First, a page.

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Recreation: Shattuck sets course for nationals
By ADAM HIMMELSBACH
There aren’t many sports that allow you to take a 24-year hiatus, then return even better than you were before.
But that’s sort of what happened to Fredericksburg resident Jeff Shattuck.
In 1977, when Shattuck was a student at the University of Tampa, he was introduced to disc golf.
For those who don’t know what disc golf is, don’t worry. Back then, Shattuck didn’t know, either.
But that, disc golf enthusiasts will tell you, is one of the beauties of this largely unknown sport.
It’s easy to pick up, yet difficult to put down.
The sport is very much like golf, in that there are vast 18-hole courses, and low scores are better than high scores. The only real difference is you use a Frisbee-like disc instead of golf clubs and a golf ball.
After college, Shattuck did step away from the sport, presumably to move on to being an adult and doing more adult things. But in 2001, a friend told him about the quaint course at Loriella Park.
“I played a round,” Shattuck said, “and I’ve been hooked ever since.”
Next week, Shattuck will travel to Charlotte, N.C., to compete in the World Disc Golfing Championships.
Shattuck, 52, will compete in the Grandmasters division.
He will be joined by at least two Fredericksburg-area residents—Bob Cannon, who will compete in the Masters division, and teenager Austin Pfaff, who will be in the Amateur division.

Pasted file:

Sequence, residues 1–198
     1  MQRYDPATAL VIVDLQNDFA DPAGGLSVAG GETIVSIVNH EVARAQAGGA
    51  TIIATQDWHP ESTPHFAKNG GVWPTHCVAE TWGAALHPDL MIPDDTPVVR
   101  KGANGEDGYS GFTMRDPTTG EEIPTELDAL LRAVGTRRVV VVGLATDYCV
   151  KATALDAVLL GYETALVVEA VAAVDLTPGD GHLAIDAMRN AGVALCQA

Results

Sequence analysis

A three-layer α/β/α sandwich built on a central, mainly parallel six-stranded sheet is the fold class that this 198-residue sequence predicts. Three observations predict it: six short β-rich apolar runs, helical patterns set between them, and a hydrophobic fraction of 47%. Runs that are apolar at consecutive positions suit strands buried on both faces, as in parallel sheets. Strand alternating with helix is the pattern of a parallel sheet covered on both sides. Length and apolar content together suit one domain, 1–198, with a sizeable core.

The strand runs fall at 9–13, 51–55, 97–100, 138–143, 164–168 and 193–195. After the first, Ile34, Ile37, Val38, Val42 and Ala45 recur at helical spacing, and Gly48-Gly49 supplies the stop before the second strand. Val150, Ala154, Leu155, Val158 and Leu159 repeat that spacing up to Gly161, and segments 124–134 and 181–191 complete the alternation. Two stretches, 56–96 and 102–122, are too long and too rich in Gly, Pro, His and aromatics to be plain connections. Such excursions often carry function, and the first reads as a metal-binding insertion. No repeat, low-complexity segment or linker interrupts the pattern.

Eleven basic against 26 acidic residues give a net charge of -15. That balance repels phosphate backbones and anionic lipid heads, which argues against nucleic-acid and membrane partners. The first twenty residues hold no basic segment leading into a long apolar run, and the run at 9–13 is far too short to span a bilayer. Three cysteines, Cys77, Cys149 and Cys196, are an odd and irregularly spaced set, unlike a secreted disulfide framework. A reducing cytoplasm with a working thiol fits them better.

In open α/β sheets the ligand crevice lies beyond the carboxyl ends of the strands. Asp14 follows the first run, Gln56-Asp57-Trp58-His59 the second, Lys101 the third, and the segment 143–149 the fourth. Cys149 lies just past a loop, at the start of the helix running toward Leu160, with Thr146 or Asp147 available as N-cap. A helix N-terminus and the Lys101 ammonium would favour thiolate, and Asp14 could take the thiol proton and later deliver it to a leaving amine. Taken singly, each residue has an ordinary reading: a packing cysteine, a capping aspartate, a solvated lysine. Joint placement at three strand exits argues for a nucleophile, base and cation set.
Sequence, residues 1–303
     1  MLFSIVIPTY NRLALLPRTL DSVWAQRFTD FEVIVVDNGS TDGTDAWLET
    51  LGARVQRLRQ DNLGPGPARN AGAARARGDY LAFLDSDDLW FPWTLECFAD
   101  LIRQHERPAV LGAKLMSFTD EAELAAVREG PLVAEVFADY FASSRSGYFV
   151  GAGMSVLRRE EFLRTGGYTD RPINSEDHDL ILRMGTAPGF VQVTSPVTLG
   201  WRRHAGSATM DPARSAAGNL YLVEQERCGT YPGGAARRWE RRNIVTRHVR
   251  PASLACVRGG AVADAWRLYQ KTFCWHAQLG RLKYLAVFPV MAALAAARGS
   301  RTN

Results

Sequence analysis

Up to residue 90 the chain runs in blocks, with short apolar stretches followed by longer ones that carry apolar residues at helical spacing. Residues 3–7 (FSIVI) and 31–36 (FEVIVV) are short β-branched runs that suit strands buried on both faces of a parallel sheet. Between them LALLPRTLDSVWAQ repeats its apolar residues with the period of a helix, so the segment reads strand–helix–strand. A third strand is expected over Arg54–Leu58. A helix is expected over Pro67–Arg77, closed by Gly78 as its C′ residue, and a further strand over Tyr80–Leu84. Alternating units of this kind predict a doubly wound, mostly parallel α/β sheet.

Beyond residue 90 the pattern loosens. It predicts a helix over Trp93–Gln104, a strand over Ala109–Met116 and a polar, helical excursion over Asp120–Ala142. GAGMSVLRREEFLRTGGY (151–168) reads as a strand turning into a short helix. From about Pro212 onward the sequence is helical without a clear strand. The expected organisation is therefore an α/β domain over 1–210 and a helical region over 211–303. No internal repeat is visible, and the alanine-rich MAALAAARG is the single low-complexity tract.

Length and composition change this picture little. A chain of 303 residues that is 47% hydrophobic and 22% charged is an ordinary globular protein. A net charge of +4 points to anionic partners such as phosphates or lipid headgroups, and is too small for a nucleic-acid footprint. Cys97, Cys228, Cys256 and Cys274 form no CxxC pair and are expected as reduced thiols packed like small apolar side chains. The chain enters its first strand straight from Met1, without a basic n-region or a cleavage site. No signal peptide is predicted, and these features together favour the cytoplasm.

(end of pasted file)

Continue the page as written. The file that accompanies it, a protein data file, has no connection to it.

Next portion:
In all, more than 1,110 players are expected to take part in this event, which will unfold on 14 courses over five days.
Shattuck is ranked among the top 40 in the world in his age group.
“Thankfully, I’m in the double-old-geezer division,” he said with a chuckle.
When he returned to the sport 11 years ago, he was struck by how much it had changed.
In the 1970s, players used one, maybe two discs. They were sometimes wobbly or uneven, and they were easily swept up by wind.
As the sport evolved, players began using drivers, putters and mid-range discs.
“Discs today are totally different than they used to be,” Shattuck said. “They’re so much more aerodynamic.”
Today, Shattuck carries up to 16 discs in his bag. Aside from the basics—long shots, short shots—there are discs for more unusual angles and situations.
For example, in a densely wooded area, a player might throw a tomahawk-style overhand shot to escape trouble.
Some players throw “rollers,” in which the disc is whipped toward the ground with such spin and force that it literally dances across the grass like a squirrel.
And putters generally have more of a blunt edge, making them the most stable discs of all.
Shattuck usually uses five or six of the discs that he packs, but he prefers to be prepared.
He began competing in tournaments in 2005, and this will be his fourth appearance at the world championships.
He practices on local courses at Loriella and Pratt parks several times a week and sometimes visits a private course on Lake Anna.
Over the past year, he has played in tournaments in Kansas City, Mo., St. Louis, Wisconsin, Michigan and Virginia Beach.
And next week he will head to Charlotte for the biggest tournament of all. Shattuck envisions a day when that tournament could be held here.
The Spotsylvania Disc Golf Club, which meets every Thursday night at Loriella Park, is steadily growing.
Shattuck said a few more courses would need to be configured in the area, and putting together a disc golf course is far easier than crafting a regular golf course.
“I really think we’ve got the kind of location that would support it,” Shattuck said. “It would be great.”
Adam Himmelsbach: 540/374-5442